“You guys are rock stars.”
           
I remember my first encounters with Elvis Presley, the Beatles, and Three Dog Night. I remember hearing the Doors for the first time. Each time I listened, I heard something new, something “first time,” something unique to this performer or that group. And I was inspired. My life was made better. Each of these musicians brought me—us—a gift. The thing about this kind of gift is that it’s not something that can be manufactured. Rather, the gift is the gift of the self: an outpouring of what is seen and experienced by this person. The gift is honed and polished and, like a gem stone, may be placed in an ornate setting, but it is not about the setting, the show: without good music, shows are perhaps entertaining but not memorable, not life changing. It’s always about the gift and the sharing of the gift and the reception of the gift.

Perhaps our gift is that we stop and point to the normally unremarked and unremarkable; perhaps it’s that we speak about dogs and training from a perspective of spirituality: God is never far from what we are saying. Perhaps—but not necessarily, because the gift that is offered is not always the gift that is received. Now, I don’t find this, in and of itself, to be remarkable; there are a lot of holy men and women who train and work with dogs and, given that we are monks who work with dogs, you’d expect that God wouldn’t be far from anything that we are doing. But we’ve been doing this for a long time—almost as long as the Rolling Stones have been in existence—and, for some reason, our vision has spoken to many people over the years, so much so that we have inspired some people to become trainers themselves. Perhaps whatever the gift is that we present, that gift is broad enough, multifaceted enough, that many people can draw many things from it—things that we’d never consider contained within what we are able to offer.

And we are famous. I have autographed copies of our books at the BWI airport in Washington and Midway airport in Chicago while waiting for connecting flights when in casual conversation the subject of employment comes up:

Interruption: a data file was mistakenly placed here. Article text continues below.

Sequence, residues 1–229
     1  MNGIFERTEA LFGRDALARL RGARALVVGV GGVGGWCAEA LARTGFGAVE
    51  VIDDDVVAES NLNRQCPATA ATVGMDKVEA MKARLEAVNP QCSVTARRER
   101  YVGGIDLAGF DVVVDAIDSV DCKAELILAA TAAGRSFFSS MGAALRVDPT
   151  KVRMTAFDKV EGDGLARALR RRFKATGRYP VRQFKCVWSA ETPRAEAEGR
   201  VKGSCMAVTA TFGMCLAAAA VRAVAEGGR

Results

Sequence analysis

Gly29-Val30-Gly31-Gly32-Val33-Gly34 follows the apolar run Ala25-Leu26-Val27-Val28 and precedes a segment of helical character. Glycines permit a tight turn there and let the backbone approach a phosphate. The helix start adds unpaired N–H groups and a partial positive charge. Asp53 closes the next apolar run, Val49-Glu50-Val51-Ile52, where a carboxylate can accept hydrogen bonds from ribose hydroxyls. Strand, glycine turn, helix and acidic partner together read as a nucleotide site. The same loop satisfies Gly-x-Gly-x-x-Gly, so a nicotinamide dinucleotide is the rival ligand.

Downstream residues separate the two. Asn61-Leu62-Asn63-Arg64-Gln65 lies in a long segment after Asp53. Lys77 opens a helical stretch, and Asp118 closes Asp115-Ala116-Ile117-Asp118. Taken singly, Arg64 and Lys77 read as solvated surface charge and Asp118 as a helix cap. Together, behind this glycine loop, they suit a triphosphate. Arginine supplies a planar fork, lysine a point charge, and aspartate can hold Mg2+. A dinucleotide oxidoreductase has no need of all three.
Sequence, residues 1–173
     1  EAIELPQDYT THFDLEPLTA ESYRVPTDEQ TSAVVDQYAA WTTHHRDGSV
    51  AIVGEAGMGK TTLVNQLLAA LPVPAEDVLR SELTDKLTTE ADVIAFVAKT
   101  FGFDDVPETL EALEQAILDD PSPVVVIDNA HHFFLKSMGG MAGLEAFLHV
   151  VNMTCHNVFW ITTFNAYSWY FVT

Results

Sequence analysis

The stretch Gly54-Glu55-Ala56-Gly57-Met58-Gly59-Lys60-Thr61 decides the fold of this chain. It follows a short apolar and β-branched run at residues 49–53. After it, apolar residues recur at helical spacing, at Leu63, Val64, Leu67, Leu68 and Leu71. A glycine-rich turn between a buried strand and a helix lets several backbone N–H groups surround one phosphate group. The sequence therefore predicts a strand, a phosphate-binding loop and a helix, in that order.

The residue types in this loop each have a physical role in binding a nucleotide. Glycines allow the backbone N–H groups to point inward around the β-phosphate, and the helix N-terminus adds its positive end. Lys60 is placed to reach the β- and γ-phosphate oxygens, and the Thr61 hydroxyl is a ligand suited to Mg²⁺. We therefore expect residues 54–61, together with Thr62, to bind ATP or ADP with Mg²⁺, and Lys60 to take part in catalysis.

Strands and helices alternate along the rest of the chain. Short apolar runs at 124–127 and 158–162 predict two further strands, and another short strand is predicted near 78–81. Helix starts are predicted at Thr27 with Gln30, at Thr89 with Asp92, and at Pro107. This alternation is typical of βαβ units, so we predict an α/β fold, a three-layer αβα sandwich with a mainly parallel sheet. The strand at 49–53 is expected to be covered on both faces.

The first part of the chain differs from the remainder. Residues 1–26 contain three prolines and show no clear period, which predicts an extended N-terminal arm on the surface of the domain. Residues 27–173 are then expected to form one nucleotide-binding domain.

“And what do you do?”

“Oh, I’m a monk.”

“Oh, how interesting. Where?”

“A little monastery in upstate New York called New Skete.”

“What? Really? I can’t wait to tell my wife/husband/kids/friends that I actually met one of the Monks of New Skete! Would you sign my book? I love In the Spirit of Happiness/How to Be Your Dog’s Best Friend/The Art of Raising a Puppy!”

“You have a copy of our book with you? Wow.”

We are famous enough to have detractors: there are people who don’t like what we do or the amount of influence we have had over the years. There are people who don’t like the Beatles or Shadows Fall or Kurt Cobain, either.

Of course, it still never fails to astonish me when someone at a seminar thanks me for an insight occasioned by some comment that I make on puppy socialization or predatory motor sequences, or for the insight into our mindset occasioned by Brother Marc’s presentation on our history. Even more, I’m still always caught up short by those chance encounters wherein people tell me about how, because of us, they could keep their dog or how their life was changed by our witness and work.  I murmur a sincere “thank you” both to the person and to God, who took all our work and thought and training and brought it to this moment of inspiration and aid for those people. Then I smile, slip on my (metaphorical) Ray-Bans, get in my (imaginary) Ferrari, and head down to the kennel to feed the dogs.


We are rock stars.